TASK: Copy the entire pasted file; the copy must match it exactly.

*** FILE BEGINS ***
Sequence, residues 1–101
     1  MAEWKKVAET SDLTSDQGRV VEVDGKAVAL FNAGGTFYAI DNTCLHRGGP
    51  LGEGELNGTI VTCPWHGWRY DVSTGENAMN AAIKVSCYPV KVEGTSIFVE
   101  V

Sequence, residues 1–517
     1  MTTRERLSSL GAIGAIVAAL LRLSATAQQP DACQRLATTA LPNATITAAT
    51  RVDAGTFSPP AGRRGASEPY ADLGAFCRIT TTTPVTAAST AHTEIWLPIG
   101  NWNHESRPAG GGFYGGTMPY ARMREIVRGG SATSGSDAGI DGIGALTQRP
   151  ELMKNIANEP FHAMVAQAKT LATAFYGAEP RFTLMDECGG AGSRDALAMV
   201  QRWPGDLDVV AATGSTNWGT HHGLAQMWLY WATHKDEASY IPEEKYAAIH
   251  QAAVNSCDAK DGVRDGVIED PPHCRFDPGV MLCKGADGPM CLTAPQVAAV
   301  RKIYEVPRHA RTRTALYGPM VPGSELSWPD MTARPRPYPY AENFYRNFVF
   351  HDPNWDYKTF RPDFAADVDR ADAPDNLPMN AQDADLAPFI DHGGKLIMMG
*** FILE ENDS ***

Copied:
Sequence, residues 1–101
     1  MAEWKKVAET SDLTSDQGRV VEVDGKAVAL FNAGGTFYAI DNTCLHRGGP
    51  LGEGELNGTI VTCPWHGWRY DVSTGENAMN AAIKVSCYPV KVEGTSIFVE
   101  V

Sequence, residues 1–517
     1  MTTRERLSSL GAIGAIVAAL LRLSATAQQP DACQRLATTA LPNATITAAT
    51  RVDAGTFSPP AGRRGASEPY ADLGAFCRIT TTTPVTAAST AHTEIWLPIG
   101  NWNHESRPAG GGFYGGTMPY ARMREIVRGG SATSGSDAGI DGIGALTQRP
   151  ELMKNIANEP FHAMVAQAKT LATAFYGAEP RFTLMDECGG AGSRDALAMV
   201  QRWPGDLDVV AATGSTNWGT HHGLAQMWLY WATHKDEASY IPEEKYAAIH
   251  QAAVNSCDAK DGVRDGVIED PPHCRFDPGV MLCKGADGPM CLTAPQVAAV
   301  RKIYEVPRHA RTRTALYGPM VPGSELSWPD MTARPRPYPY AENFYRNFVF
   351  HDPNWDYKTF RPDFAADVDR ADAPDNLPMN AQDADLAPFI DHGGKLIMMG